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The behavior of retail investors is a good contrarian indicator.
Midway through yesterday’s Supreme Court oral argument in Moore v. Harper, the case concerning the “independent state legislature” theory, Justice Elena Kagan took a moment to consider the stakes. “This is a theory with big consequences,” she noted.
Kagan’s comment was a dry bit of understatement. Ever since the Supreme Court first agreed to hear the case, Moore has drawn alarm from across the political spectrum, with liberal activists and grandees of the conservative legal movement alike condemning the independent state legislature theory as a threat to American democracy.
Making a firm prediction on how the Court might rule in Moore based on oral argument alone would be a mistake: Legal scholars and reporters tend to refer to the practice of guessing how the justices will vote following an argument as “reading the tea leaves,” and as the metaphor suggests, this method of prediction isn’t particularly precise. That said, few justices seemed interested in adopting the more aggressive variations of the independent state legislature theory that could throw American elections into chaos. But the real test will be in just how thinly—to paraphrase another comment of Kagan’s in a recent case—the Court decides to slice the bologna.
The independent state legislature theory is frustratingly difficult to understand—which is one of the reasons Moore has caused such alarm. In essence, proponents of the theory argue that the Constitution grants state legislatures an unusual degree of nearly unchecked power to control how states administer federal elections.
How much power, and how unchecked, depends on what variation of the theory you adopt. In the most aggressive version, state legislatures might be unconstrained even by state constitutions—stripping away constitutional protections for voting rights or against gerrymandering. Or perhaps state courts and election officials would be limited in their ability to interpret laws passed by the state legislature or engage in the discretionary decision making necessary to smoothly run an election. The theory would provide a more active role for federal courts, which would be empowered to weigh in on whether state courts and officials had overstepped the boundaries placed by the Constitution on state legislative power.
Opponents of the theory have warned that this argument, if adopted by the Supreme Court, could generate chaos in state election administration, a flood of litigation in the federal courts by candidates seeking to gain electoral advantage, and a resulting decline in trust by Americans watching the election system flail. Neal Katyal, the lawyer representing one group of litigants opposing the theory in Moore, used dramatic phrasing to describe the potential fallout: The independent state legislature theory, he warned, could have a wide “blast radius.”
Over the course of the lengthy, almost three-hour argument, the justices grappled with how best to interpret the relevant constitutional language. The three liberal justices were clearly skeptical of, and at times outright hostile to, the theory. In one unusually sharp exchange, Justice Sonia Sotomayor seemed exasperated with efforts by David Thompson, the lawyer representing the Republican North Carolina state legislators who promote the theory, to scrape together historical support for his arguments. “If you rewrite history,” she told him, “it’s easy to do.”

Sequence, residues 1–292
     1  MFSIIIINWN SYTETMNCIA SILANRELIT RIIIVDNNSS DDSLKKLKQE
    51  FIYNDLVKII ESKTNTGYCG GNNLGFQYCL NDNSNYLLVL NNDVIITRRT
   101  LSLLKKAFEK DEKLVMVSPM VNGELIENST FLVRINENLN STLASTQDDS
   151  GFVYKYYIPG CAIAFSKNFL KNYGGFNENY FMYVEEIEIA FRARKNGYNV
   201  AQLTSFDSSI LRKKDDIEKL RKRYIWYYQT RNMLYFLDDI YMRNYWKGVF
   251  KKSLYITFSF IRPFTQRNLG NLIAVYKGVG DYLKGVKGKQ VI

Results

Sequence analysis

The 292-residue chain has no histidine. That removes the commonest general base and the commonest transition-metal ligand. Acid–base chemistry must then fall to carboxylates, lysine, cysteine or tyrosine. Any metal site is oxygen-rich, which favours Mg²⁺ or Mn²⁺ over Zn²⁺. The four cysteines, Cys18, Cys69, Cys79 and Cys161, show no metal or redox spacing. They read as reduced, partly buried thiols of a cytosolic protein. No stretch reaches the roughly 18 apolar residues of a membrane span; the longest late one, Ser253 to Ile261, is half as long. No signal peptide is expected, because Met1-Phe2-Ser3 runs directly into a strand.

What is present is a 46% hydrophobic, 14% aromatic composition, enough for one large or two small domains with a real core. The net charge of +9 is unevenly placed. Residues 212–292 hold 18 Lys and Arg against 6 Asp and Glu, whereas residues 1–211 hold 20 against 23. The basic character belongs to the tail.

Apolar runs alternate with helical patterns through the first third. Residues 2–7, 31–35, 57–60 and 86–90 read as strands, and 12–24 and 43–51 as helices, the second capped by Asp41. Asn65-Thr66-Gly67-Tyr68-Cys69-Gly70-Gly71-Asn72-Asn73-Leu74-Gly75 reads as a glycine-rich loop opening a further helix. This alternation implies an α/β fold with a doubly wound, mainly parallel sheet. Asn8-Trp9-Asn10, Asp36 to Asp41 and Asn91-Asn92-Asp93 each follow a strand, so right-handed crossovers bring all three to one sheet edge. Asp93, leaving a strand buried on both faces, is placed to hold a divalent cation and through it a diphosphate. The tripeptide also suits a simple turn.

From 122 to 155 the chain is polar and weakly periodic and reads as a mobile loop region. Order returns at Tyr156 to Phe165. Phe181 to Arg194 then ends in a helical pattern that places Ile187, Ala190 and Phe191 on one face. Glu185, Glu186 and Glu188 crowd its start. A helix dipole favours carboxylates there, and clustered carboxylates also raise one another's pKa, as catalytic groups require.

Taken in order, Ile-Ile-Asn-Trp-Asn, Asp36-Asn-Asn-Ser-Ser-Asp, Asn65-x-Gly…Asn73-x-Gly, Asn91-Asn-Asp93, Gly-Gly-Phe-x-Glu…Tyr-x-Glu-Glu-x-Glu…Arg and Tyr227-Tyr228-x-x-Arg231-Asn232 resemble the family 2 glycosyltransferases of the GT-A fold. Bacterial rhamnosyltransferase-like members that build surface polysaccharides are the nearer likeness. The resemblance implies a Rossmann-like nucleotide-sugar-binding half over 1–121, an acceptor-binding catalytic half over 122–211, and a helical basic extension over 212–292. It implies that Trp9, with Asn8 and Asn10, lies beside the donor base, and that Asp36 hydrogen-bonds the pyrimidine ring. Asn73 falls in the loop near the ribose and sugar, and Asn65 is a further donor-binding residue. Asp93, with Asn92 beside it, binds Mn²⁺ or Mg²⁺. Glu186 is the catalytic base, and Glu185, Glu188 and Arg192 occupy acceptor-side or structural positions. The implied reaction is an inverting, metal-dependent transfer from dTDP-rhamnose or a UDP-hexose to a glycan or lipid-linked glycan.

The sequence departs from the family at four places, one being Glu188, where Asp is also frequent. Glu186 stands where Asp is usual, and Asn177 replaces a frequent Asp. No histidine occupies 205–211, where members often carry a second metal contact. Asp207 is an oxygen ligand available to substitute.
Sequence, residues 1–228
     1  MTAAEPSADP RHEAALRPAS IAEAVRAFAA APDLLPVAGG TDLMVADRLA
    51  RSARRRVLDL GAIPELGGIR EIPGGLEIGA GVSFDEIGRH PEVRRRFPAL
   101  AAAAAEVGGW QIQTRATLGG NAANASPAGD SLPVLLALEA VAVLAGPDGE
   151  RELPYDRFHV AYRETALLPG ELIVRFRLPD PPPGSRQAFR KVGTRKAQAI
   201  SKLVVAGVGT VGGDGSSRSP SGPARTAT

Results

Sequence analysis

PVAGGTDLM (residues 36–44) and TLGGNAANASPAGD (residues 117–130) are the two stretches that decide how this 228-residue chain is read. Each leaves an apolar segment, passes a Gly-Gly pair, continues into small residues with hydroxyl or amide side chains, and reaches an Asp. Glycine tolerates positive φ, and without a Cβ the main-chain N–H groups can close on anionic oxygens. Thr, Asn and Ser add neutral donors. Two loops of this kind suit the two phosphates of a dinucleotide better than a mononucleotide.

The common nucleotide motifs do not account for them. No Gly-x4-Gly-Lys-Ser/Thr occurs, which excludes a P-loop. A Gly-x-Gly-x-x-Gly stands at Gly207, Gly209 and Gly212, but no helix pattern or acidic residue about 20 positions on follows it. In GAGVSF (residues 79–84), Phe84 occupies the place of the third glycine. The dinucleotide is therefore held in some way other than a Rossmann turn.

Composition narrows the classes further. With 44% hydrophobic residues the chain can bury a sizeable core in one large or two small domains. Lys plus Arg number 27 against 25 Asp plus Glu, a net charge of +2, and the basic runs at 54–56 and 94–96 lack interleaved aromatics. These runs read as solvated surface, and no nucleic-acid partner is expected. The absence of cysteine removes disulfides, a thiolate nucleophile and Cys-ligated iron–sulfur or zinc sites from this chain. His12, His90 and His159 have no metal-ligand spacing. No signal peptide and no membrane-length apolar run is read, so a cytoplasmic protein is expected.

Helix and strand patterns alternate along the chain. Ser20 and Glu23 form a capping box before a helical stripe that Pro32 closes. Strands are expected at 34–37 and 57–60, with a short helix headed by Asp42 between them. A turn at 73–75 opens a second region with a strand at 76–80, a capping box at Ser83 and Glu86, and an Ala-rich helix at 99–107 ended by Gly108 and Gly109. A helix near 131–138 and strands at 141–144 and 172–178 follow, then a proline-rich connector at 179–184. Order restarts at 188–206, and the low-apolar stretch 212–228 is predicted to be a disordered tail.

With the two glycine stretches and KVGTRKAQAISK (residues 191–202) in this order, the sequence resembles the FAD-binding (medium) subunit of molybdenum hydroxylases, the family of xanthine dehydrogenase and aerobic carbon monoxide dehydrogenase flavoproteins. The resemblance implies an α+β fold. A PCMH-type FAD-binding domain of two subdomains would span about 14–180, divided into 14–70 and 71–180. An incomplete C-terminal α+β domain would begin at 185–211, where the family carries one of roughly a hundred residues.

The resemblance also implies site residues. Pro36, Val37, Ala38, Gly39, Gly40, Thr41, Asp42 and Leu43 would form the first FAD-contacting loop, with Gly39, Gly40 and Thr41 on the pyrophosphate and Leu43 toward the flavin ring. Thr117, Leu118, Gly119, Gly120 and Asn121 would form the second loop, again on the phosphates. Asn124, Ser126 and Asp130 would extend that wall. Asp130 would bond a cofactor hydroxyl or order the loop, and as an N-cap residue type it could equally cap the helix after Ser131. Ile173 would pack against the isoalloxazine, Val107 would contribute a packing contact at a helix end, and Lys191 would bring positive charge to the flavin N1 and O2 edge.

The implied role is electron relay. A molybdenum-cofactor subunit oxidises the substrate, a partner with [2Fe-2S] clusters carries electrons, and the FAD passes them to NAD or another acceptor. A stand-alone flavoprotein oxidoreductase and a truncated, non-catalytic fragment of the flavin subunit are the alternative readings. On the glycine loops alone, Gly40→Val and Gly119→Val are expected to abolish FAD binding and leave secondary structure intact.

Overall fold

But even conservative justices who had previously voiced some sympathy with the independent state legislature theory seemed frustrated with Thompson’s insistence on making aggressive arguments for legislative power instead of offering more measured interpretations. The real intellectual energy of the argument focused on just how the Court might sketch a narrower vision of the independent state legislature theory that could provide some level of increased freedom for legislatures without fully unleashing state lawmakers to do their worst. Conservative Justices Amy Coney Barrett and Brett Kavanaugh, along with Chief Justice John Roberts, seemed notably interested in this approach.
This is a welcome sign for Court-watchers concerned about a unified conservative bloc backing the North Carolina legislators’ approach. It would mean avoiding the total election chaos forecasted by scholars apprehensive about the more extreme variations of the theory. It would also, importantly, provide no support for rogue state legislatures seeking to justify an effort to overturn the results of the 2024 election—the nightmare scenario that has worried many commentators on Moore.
But just what would a narrower version of the independent state legislature theory look like? It’s not clear, and the justices seemed dissatisfied with the options presented to them. Any standard will need to be defined enough to provide guidance to the state judges who may now be looking over their shoulders at the federal courts newly empowered to second-guess their interpretation of state election law. And enterprising litigants may still be able to make use of a more constrained independent state legislature theory to cause chaos in the courts—a particularly concerning prospect given a federal judiciary steering sharply to the right. Several times during oral argument, Justice Samuel Alito questioned whether state courts could be trusted to rule without federal judicial oversight on tricky questions that spoke directly to the integrity of democratic self-determination. The idea that the public might not trust the Supreme Court, either, didn’t seem to occur to him.
Sealing felony records is integral to a bill sitting on Gov. Gavin Newsom’s desk.
Encounters with the criminal justice system, no matter how long ago or for what reason, can ruin a person’s life. California is on the verge of an ambitious attempt to change that.
An estimated 70 million to 100 million Americans have a criminal record, a history with law enforcement that turns up on background checks and sometimes Google searches. Applicants with criminal records can be half as likely as those without them to get a callback or job offer. Nearly 9 in 10 employers use criminal background checks; so do 4 in 5 landlords, and 3 in 5 colleges and universities. These practical realities make it harder to successfully reintegrate into society, in what researchers call “collateral consequences” of mass incarceration.